Monday, March 31, 2014

Sex is Not the Problem (Lust Is)

"But among you there must not be even a hint of sexual immorality..." Ephesians 5:3 (NIV)

Joshua Harris is lead pastor at Covenant Life Church, husband to Shannon and father to three kids, and the author of six books. One of his first books was Not Even a Hint published in 2003, then re-released in 2005 with an updated cover and title, Sex is Not the Problem (Lust Is): Sexual Purity in a Lust-Saturated World.

Sex is Not the Problem (Lust Is) is being highlighted here on The Relentless Fight because it's one of the highest quality books on sexual sin in two regards: It focuses on the gospel (not moralism) and heart change (not behaviorism).

Harris starts the book with a simple definition of lust, "craving sexually what God has forbidden" and challenges us to evaluate our lust in light of God's standard for holiness (not even a hint), God's source of power for change (the gospel), and God's motive for fighting our sin (superior joy in God). This stands in contrast to our typical man-centered approach; we define the standard as "a little better than everyone around us", the power for change is our own willpower and discipline, and the motive is twisted: pride, and self-righteousness fueled by guilt and shame.

Here's a few quick highlights from the book:
  • Sex vs. Lust: As the title suggest, Joshua Harris argues that sex is awesome since it was God's idea, and that's WHY lust is bad. Far too often our culture confuses the two, but we must always start a battle against lust with a rock-solid conviction from God's Word that sex is GOOD and brings Him glory when enjoyed within His boundaries. 
  • The Gospel: The book relentlessly focuses on the gospel, with the paradoxical message of the Cross: you can't save yourself, you need Jesus. So stop fighting, and start RESTING in His finished work. Only with the gospel at your core will you have the strength and reason to fight your forgiven sin. And when we fail, we need to keep coming back to the gospel, with a renewed awareness of our need. 
  • Focus on the Heart: Whereas some books on sexuality spend excessive time describing and delineating behaviors, this book goes deeper with the roots of the sin, focusing not on our behaviors but on our hearts. What are we believing? What other non-sexual sins are thriving that link in to our sexual sins? How are we feeding our lust? For instance, Harris writes, "Masturbation is built on a self-centered view of sex... When our lustful desires are given free rein, sex is pushed into a corner and made a completely self-centered, isolated experience that reinforces a self-centered view of life." (page 103)  Basically: Masturbation is a natural outflow of a selfish heart. It's a symptom of a deeper problem. 
  • Practical Fighting Strategies: This book is chock-full of practical strategies and tactics for fighting our sin. Harris emphasizes the need for accountability, fighting the lies of lust with the truths of Scripture, and gives questions to answer to create a custom-tailored plan for fighting lust. This plan identifies your lust triggers, the time you're tempted, and the common location. Arguing from Romans 13:14, Harris challenges us, "Don't pack a lunch for lust!" (page 65)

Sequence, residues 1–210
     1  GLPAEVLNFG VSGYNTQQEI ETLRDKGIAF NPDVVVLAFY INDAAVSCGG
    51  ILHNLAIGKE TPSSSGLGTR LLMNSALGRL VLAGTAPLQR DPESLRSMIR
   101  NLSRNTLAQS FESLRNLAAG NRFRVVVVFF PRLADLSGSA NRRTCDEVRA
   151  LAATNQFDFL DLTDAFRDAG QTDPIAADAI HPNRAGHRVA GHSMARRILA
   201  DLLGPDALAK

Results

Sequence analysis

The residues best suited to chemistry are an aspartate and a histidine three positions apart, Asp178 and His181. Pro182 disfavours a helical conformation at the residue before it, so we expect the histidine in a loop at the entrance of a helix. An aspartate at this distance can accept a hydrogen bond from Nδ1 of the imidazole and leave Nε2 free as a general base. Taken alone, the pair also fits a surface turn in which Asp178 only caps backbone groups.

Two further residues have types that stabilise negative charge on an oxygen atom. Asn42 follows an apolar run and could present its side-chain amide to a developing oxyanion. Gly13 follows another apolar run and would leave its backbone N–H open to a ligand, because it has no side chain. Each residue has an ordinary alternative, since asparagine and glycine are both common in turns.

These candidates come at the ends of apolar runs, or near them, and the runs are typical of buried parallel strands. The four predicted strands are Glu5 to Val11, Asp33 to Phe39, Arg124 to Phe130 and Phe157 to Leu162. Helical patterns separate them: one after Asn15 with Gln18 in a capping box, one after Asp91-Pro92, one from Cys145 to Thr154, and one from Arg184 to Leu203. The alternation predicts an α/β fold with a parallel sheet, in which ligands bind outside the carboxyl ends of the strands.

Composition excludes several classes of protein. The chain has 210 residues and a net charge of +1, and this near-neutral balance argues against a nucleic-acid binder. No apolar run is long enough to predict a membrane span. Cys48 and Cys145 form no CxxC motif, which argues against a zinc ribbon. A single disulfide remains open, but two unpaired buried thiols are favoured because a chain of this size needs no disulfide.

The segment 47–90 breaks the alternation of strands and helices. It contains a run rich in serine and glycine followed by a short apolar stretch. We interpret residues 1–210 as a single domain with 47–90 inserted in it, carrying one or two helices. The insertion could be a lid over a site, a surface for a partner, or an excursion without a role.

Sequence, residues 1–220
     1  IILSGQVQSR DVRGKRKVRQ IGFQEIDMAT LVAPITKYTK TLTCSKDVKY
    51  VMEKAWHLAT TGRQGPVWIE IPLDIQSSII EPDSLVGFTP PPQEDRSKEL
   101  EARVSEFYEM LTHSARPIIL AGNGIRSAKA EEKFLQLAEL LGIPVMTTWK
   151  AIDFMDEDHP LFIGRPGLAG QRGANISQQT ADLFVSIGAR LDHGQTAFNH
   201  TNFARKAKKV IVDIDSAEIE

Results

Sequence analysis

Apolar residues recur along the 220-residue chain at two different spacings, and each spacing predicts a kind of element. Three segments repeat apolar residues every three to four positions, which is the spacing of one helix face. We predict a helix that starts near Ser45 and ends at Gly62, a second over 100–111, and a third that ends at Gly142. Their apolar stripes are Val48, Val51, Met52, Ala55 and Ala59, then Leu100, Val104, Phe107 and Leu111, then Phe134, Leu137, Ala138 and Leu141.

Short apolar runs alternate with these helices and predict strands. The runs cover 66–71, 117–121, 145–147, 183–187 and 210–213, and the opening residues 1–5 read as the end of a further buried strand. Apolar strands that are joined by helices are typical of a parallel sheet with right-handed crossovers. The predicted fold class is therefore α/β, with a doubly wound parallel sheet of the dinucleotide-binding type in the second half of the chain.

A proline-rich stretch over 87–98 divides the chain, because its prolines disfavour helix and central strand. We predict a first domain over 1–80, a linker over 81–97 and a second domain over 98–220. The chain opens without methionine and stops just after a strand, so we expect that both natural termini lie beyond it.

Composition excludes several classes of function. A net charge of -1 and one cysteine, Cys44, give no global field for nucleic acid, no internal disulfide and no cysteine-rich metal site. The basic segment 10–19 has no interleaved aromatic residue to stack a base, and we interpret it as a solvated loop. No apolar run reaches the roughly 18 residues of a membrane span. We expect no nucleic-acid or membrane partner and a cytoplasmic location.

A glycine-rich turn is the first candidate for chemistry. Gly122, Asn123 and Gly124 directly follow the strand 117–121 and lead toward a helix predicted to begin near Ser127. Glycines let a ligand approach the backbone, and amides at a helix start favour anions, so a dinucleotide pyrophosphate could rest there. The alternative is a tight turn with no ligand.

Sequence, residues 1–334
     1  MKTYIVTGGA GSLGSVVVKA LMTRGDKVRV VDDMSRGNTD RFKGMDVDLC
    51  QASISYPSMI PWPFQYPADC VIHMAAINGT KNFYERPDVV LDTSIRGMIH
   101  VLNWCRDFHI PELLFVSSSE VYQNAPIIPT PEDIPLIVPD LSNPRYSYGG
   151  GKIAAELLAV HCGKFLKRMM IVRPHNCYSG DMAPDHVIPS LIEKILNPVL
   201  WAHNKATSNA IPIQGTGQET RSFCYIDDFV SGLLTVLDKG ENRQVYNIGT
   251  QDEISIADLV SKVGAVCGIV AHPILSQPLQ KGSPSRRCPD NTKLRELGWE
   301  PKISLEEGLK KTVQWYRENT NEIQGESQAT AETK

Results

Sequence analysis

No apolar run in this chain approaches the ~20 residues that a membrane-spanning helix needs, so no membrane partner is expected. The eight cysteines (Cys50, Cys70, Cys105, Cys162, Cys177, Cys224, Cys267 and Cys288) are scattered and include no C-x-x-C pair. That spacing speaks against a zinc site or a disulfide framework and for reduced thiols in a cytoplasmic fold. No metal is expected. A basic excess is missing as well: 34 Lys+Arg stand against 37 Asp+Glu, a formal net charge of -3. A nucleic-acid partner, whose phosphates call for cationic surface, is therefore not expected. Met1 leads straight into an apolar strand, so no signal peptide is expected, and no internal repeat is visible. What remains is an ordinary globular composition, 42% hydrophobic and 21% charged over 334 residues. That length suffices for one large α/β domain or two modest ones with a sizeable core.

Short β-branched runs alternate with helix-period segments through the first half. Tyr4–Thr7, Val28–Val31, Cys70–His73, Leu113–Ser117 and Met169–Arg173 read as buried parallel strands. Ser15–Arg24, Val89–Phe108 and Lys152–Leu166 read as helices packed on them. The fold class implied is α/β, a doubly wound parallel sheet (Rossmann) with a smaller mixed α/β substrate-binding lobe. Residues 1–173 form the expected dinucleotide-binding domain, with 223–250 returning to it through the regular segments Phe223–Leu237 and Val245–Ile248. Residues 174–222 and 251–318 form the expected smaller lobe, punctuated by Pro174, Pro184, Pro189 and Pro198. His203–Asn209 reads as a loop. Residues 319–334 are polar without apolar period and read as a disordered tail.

In summary, Sex Is Not the Problem (Lust Is) is a top-shelf resource for men and women struggling with temptation or addiction to sexual sin. Well-written, biblical, and Jesus-focused, it's highly recommended as a weapon in the fight. Consider getting it to read yourself at Amazon, or buy a few copies and go through it with some other friends from your church who are struggling in similar ways.

Fighting the real problem,
The Relentless Fight

Monday, March 24, 2014

Temptation Can Be Your Gym

Nobody likes temptation, right? When temptation strikes it feels like everything has gone off the rails, like we're being sucked into our old ways again, and like the plane is going down... and it's discouraging. If we fail it feels like we've never really changed. Temptation stinks. 

But what if we had a different view about temptation? What if we re-framed our experience? Usually we think of temptation as being an experience of weakness. We are tempted to sin, and we give in. Satan mocks us, "WEAK."

But what if temptation was seen as an opportunity to be strengthened? Temptation sometimes can be helpful. Temptation can be used against itself, like judo, using the weight of your attacker against him. God promises that when we are tempted, He will always work to provide a way to overcome it! Paul writes about this hope in 1 Corinthians 10:13, "No temptation has overtaken you that is not common to man. God is faithful, and he will not let you be tempted beyond your ability, but with the temptation he will also provide the way of escape, that you may be able to endure it."

God says that there is another option when we are being tempted: to endure it. Endurance requires strength. And if every time we're tempted, we end up becoming even stronger, then temptation can be transformed into being our gym. It's our training room, every rep of thwarted temptation is one more step to becoming spiritually ripped. And as we succeed in fighting temptation, there are three ways temptation can paradoxically be USEFUL: